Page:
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Sunday, May 09, 2021

Soli Sorabjee’s fierce and independent voice will resonate in public life

Whether he appeared for a private client as a junior lawyer or represented the Centre in the SC as the attorney general, he was never his clients’ mouthpiece.

Written by Abhinav Chandrachud |
Updated: May 4, 2021 9:11:11 am
Soli Sorabjee

India mourns the loss of one of her great sons, former attorney general of India and Padma Vibhushan Soli Sorabjee. Born to Jehangir and Khorshed Sorabjee on March 9, 1930, Sorabjee was a first-generation lawyer, and the first member of his immediate family to attend university. At the age of 12, he left his Gujarati medium school to join St. Xavier’s school in Bombay, where he excelled in subjects like English and French. Taught by Jesuit priests, Sorabjee, a Parsi Zoroastrian, developed a deep fondness for Roman Catholicism. His friends would often tease him that his initials stood not for Soli Jehangir but for “Society of Jesus”.

Two episodes in his youth had a vast impact on his life. The first was on January 30 1948, coincidentally the day Mahatma Gandhi was assassinated. Sorabjee was riding a motorcycle on Marine Drive when he got into an accident in which his left leg was badly injured. The leg never fully healed and never again was Sorabjee able to run or sprint. The second defining episode was the death of his father in 1949, when Sorabjee was only 19. He was summoned to the office of the executor of his father’s will and treated quite poorly. Sorabjee decided he wanted to pursue a profession in which he would be his own master.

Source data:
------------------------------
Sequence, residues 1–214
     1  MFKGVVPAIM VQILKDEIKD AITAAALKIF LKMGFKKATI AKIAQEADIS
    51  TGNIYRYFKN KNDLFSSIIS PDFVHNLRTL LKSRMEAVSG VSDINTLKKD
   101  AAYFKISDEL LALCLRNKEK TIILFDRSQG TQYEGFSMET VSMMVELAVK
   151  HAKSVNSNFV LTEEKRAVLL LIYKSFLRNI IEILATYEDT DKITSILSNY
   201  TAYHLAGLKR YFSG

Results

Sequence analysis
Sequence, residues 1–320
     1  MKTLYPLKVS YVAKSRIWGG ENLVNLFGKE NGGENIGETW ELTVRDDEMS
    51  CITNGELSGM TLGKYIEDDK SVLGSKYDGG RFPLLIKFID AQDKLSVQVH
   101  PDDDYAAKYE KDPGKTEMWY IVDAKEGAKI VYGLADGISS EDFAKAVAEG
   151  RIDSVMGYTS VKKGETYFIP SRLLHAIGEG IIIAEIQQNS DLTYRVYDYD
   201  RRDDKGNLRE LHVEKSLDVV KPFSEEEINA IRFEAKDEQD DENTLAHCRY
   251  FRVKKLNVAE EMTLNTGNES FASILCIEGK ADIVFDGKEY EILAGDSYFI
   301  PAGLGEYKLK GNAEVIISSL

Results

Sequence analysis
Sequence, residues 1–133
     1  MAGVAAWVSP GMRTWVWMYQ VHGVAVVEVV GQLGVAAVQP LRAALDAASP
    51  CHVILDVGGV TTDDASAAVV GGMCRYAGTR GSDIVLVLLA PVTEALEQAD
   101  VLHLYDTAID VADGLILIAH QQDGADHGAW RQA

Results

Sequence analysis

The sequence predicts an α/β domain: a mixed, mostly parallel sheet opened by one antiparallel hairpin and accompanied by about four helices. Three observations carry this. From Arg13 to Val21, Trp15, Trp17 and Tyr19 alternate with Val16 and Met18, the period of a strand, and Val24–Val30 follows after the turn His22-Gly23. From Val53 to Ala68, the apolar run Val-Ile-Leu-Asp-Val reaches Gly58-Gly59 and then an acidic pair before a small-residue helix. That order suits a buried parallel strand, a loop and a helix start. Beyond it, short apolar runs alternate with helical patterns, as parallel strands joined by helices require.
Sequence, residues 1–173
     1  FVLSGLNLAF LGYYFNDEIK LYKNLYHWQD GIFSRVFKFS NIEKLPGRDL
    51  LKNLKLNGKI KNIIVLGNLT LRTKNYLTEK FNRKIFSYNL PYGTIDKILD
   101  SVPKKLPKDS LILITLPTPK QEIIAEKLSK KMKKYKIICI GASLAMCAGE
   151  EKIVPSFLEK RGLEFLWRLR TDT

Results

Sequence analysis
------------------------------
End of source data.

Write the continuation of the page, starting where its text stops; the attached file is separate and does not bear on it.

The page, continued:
It was for this reason that in 1950, just as a new Constitution came into force in India, Sorabjee found himself studying law at Government Law College in Bombay. Upon graduating, Sorabjee joined Khursetjee Bhabha as a junior. Bhabha’s chamber, called “Chamber No. 1”, was packed with brilliant lawyers, including Nani Palkhivala and H M Seervai, such that there was a dearth of space for juniors. Palkhivala used to meet his clients in his Dodge car parked outside the premises. Sorabjee had to promise Khursetjee that he would sit in the High Court library, instead of occupying space in the chamber.

In 1968, Sorabjee was offered a judgeship of the Bombay High Court by Chief Justice S P Kotval, which he refused because he had to look after one of his children who had special needs. A few years later, in 1971-72, he was designated a senior advocate by the Bombay High Court. It was as a senior advocate that Sorabjee traveled to Delhi for perhaps the most important case of his life up until that point, Kesavananda Bharati v. State of Kerala, where the Supreme Court eventually held that the Constitution has a basic structure which cannot be altered or amended by Parliament. Palkhivala, whom Sorabjee was assisting in that case, had a suite at the Oberoi which used to be packed with the papers of the case. On Fridays, Palkhivala would fly out of Delhi and Sorabjee would then move into Palkhivala’s suite to continue working on the case.